NASA’s Journey to Mars

I forgot how old I was but I know I was in high school when I first heard that it’s possible for us Humans to live in Mars because they said they found oxygen in there. After hearning that news, I’ve been thinking about Earth and worrying so much that time. I had this thoughts (or heard it from the news or somewhere) of Earth being so crowded and polluted and that we have to abandon it and move to planet Mars. I was thinking to myself, all poor people like us will be left alone in Earth and rich people will be saved. I know it’s too much watching of movies but hey who knows?

So today I saw this post from my co-blogger and friend Ruby in facebook,  I intruigely clicked the link and saw this boarding pass to MARS! I was like “Whoa! Is it happening now?”  Did some readings first before I submit my family’s name to NASA. I made sure we are not signing up my entire family for “One way Ticket to Mars“.

So I learned about the ORION’s initial test flight (read more about ORION below) on December 4th, a 4.5-hour mission in orbit around Earth and eventually – to MARS. We might not be able to travel to Mars but our names will in the future!

And here is our BOARDING PASS….

Carlos Elisha Ethan jes

This is just for fun and a good engagement to NASA’s missions. My kids will surely enjoy this while we track our name’s milage. If you want to be part of this, go to their website NASA’s JOURNEY TO MARS  and submit some information until October 31st.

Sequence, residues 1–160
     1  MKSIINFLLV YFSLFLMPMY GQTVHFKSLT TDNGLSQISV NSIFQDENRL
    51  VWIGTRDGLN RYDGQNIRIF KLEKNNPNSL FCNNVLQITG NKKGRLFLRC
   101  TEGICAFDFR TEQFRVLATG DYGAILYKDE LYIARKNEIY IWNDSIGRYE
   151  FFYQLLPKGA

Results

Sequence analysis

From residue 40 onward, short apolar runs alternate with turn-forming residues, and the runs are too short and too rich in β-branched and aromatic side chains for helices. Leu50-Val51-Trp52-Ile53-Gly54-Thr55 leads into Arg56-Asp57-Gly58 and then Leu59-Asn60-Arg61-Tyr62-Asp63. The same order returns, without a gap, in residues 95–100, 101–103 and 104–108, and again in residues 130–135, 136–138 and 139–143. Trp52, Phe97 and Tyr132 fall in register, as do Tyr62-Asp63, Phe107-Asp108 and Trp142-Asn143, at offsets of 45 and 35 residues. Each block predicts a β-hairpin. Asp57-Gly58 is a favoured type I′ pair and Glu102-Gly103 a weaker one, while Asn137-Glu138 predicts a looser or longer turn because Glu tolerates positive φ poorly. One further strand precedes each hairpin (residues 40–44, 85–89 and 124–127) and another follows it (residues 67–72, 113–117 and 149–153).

About Orion

NASA’s Orion spacecraft is built to take humans farther than they’ve ever gone before. Orion will serve as the exploration vehicle that will carry the crew to space, provide emergency abort capability, sustain the crew during the space travel, and provide safe re-entry from deep space return velocities. Orion’s first flight test, designated Exploration Flight Test-1, will launch December 4 on a two-orbit, four-hour flight that will test many of the systems most critical to safety. Orion will launch atop a Delta IV Heavy rocket from Cape Canaveral Air Force Station’s Space Launch Complex 37. This test will evaluate launch and high speed re-entry systems such as avionics, attitude control, parachutes and the heat shield. In the future, Orion will launch on NASA’s new heavy-lift rocket, the Space Launch System. More powerful than any rocket ever built, SLS will be capable of sending humans to deep space destinations such as an asteroid and eventually Mars. Exploration Mission-1 will be the first mission to integrate Orion and the Space Launch System.


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